During the last few million years, as the coast ranges of western North America were pushed up, natural oils collected in the rwisted rock structures below ground and formed reservoirs of petroleum. In some places, as the rocks twisted and cracked, the oil seeped to the surface and spread out forming sticky pools. In the open air, the volatile components of the crude oil evaporated and left behind a layer of viscous asphalt or tar. This is how the tar pits of Los Angeles,USA originated. realistic dinosaur costume
Rains came, and formed pools of water on top, and from a distance these pools looked, to animal life, like refreshing watering holes. Animals came to drink, and once they had waded into the pools they became enmired in the tar beneath and could not escape. Predatory animals in the area converged on these spots to feed on the captive beasts, and often became trapped themselves. In this way the situation resembled that found in desert oases and streams, except instead of river quicksand trapping the animals, the danger was formed by natural deposits of tar. In both cases the result was a “predator trap” in which animals that came to feed on trapped animals became trapped themselves.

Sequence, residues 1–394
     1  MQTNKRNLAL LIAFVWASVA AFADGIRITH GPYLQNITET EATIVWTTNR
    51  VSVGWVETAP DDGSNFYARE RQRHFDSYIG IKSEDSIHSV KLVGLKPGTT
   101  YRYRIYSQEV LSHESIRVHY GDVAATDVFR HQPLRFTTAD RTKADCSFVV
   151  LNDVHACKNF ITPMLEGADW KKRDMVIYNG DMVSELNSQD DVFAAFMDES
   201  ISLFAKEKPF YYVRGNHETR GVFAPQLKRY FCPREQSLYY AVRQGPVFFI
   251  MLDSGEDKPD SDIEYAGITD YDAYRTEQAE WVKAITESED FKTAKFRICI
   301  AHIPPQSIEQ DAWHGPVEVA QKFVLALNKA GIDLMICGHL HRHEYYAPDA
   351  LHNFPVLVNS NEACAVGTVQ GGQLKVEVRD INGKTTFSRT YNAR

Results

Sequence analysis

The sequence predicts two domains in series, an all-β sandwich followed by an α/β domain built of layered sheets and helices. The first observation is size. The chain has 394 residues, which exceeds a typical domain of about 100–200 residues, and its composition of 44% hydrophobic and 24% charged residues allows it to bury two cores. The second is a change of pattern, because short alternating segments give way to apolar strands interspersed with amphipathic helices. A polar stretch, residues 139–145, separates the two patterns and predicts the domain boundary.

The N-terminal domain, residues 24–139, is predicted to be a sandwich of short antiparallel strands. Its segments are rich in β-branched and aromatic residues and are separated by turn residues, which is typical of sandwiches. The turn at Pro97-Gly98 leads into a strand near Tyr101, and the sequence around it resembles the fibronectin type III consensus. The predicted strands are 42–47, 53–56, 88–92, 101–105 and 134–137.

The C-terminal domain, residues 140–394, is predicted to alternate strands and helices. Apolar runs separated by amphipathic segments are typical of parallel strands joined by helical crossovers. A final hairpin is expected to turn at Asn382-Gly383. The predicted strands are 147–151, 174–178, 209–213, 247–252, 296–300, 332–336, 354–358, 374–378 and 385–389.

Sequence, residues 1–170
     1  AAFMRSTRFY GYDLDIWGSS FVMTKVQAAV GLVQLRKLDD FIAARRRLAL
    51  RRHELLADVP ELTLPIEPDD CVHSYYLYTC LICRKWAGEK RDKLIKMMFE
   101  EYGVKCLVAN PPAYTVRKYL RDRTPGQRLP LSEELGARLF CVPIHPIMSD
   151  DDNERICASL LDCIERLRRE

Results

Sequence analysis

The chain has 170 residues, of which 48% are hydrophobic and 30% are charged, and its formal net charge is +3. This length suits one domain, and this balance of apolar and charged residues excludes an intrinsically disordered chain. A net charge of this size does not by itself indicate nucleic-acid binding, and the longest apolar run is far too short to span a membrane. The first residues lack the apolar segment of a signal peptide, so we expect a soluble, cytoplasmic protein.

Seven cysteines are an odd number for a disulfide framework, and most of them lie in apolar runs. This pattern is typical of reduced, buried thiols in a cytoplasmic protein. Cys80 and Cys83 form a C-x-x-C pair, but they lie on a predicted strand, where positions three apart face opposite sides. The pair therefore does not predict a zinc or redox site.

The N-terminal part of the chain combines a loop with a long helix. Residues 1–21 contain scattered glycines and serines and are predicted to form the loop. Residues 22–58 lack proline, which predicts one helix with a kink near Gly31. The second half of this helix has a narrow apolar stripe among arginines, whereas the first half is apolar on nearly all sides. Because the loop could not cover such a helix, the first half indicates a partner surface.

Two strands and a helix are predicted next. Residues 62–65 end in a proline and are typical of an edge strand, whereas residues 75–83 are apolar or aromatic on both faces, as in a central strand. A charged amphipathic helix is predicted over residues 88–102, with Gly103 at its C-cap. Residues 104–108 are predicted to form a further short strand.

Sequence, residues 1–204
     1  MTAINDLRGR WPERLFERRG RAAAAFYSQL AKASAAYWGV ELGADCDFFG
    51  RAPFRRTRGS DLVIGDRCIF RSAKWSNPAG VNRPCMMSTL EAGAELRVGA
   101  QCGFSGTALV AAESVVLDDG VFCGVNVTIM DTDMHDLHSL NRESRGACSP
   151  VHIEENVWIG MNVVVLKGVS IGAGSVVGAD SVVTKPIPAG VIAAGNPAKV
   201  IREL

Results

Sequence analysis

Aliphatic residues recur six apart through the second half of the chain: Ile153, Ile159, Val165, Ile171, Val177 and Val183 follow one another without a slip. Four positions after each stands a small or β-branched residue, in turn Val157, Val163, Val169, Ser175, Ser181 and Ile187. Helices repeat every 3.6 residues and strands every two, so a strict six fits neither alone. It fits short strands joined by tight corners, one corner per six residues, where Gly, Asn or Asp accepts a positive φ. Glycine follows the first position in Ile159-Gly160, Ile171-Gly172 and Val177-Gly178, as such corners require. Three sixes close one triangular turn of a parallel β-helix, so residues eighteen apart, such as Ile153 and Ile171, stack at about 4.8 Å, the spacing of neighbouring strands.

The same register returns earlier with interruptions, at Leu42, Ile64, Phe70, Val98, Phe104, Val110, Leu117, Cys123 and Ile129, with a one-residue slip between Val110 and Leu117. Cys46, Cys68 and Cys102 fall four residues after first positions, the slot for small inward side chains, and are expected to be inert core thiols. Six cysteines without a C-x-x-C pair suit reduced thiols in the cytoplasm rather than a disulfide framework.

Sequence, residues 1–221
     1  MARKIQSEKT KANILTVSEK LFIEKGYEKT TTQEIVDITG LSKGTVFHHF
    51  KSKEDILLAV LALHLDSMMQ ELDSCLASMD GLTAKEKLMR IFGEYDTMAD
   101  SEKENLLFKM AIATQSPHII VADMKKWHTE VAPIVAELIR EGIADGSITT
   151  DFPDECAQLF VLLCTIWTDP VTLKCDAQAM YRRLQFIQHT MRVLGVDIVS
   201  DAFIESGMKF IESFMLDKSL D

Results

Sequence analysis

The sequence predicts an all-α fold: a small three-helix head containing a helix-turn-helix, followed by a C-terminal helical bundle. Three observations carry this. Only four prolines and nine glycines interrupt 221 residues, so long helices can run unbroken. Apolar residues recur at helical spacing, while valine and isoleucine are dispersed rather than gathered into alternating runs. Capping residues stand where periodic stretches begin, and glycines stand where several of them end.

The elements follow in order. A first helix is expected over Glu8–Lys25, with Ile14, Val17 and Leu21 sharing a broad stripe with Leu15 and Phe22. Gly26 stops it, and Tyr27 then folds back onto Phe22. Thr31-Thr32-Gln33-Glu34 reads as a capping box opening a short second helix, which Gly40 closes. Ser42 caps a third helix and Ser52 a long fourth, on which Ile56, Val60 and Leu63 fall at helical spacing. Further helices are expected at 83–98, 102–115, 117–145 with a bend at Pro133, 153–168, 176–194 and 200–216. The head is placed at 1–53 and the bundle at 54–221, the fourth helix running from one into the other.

Even in dry seasons when water was not present as an attraction, the tar pits were a danger. They were disguised by wind-blown dust and leaves，which would stick to the surface. The warmer weather made the rar sticky, and unsuspecting animals wandering across it became quickly hogged down. animatronic dinosaur
The bones that sank into the tar were well preserved, although stained dark brown by the asphalt chemicals. Those left on the surface were weathered by heat, cold, wind and rain. They were also damaged by the gnawing of rodents that somehow escaped entrapment themselves. Similar tar pits arc found in Peru and Iran.
Belova: The tar pits of Los Angeles are a cluster of pits that contain an incredibly rich and diverse collection of fossils of animals, insects, and plant life that existed 40,000 years ago.